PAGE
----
With one final season of eligibility remaining, senior Theo Riddick is willing to do whatever it takes for the Notre Dame football team to right the ship. Then again, that’s always been his attitude.
Arriving as a freshman running back in 2009, the Manville, N.J., product served as the team’s primary return man and as a reserve tailback, registering 849 kickoff return yards and 160 yards on the ground on 29 carries. But in 2010, head coach Brian Kelly’s first season with the Fighting Irish, Riddick’s shiftiness was needed at the slot receiver position. Riddick happily moved and began soaking up the nuances of a new assignment.
He caught 40 passes for 414 yards and three touchdowns as a sophomore and made 38 catches for 436 yards and three scores his junior season in 2011. Riddick will likely keep hauling in passes now that he’s been moved to a RB/slot hybrid position, but he’s focused on getting back to his rushing roots.
“I guess you can view that as you viewed Jonas [Gray] and Cierre [Wood],” Riddick said of the backfield tandem that produced 1,893 yards and 21 touchdowns last fall. Gray, who has since moved on as a rookie free agent with the Miami Dolphins, was responsible for 791 yards and 12 TDs before injuring his knee against Boston College on Nov. 19.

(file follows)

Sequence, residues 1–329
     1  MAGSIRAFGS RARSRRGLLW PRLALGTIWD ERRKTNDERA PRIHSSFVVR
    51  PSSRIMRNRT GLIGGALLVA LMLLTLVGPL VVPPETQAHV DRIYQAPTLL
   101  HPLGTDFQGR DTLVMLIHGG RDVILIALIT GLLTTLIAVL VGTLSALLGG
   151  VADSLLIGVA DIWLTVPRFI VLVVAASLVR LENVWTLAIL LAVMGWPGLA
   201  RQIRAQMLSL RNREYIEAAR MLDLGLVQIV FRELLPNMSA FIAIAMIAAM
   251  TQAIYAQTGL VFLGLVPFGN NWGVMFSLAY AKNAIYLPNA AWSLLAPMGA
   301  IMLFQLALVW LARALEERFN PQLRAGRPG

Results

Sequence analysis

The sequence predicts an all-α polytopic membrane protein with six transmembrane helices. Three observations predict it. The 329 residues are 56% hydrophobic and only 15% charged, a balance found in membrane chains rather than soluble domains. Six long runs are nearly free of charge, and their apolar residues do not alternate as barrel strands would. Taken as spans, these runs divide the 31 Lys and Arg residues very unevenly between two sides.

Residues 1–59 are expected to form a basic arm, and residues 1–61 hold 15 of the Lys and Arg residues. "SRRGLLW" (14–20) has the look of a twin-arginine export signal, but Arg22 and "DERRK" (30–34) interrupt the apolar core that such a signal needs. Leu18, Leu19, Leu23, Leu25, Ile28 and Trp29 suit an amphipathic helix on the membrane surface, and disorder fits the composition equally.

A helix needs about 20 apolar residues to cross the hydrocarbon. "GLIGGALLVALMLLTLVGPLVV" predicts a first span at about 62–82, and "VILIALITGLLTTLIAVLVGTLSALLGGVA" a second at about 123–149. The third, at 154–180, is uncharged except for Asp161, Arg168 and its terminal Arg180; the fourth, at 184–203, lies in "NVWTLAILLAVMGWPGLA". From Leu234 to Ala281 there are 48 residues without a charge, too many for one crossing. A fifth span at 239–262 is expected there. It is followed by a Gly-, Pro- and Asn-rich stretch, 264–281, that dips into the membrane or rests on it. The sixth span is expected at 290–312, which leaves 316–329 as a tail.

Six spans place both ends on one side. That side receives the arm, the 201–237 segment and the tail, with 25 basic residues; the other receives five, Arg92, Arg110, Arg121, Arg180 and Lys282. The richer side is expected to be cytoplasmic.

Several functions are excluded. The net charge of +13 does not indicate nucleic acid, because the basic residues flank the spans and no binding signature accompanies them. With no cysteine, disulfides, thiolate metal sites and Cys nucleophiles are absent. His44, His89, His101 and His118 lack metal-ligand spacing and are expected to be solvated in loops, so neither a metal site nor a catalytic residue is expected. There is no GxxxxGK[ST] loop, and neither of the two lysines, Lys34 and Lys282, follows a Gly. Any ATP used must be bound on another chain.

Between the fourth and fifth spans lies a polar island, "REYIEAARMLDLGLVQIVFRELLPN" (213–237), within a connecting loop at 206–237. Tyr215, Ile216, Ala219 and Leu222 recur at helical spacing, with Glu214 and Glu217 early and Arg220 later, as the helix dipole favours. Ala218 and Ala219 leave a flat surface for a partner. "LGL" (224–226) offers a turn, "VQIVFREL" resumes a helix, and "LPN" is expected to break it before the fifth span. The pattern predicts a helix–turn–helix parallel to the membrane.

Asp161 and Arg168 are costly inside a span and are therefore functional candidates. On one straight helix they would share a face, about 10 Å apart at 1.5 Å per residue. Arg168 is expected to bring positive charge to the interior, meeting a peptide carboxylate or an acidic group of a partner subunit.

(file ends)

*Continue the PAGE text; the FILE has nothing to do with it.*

Riddick is confident he and Wood can both eclipse the 1,000-yard mark as seniors.
“I believe so,” he said. “Definitely.”
Confidence, he says, has never been an issue, even when his performance early last year as the squad’s punt returner didn’t turn out as planned. Riddick had problems with fumbles and catching the ball cleanly. It was an area the Irish never were able to tighten up. Kelly wouldn’t say which player or players would be responsible for punt returns in 2012, but Riddick feels he’ll be the guy.
“A lot of criticism came out and a lot of players would put their heads down,” he said. “I kept my head right up high, and I guess you could say it was a good thing. I want to be there full-time.”
Just add it to the list of responsibilities Riddick, who added 15 pounds during the offseason and is up to 205 now, will have in his final campaign.
“I want as much as they can put on my plate,” he added. “It’s my senior year. I want to go out on top. With that being said, I just want to do the best I can.”
“We didn’t want him to just be a tailback,” Kelly said. “We wanted him involved. I think this [hybrid] position … it came together as we started to fit the offense to our players. The offense, in terms of what we’re doing, really fits Theo, so he gets both that ability to run the football and line up as a wide receiver. He sees it. He feels comfortable with it, and we’re seeing the benefit of that as coaches.”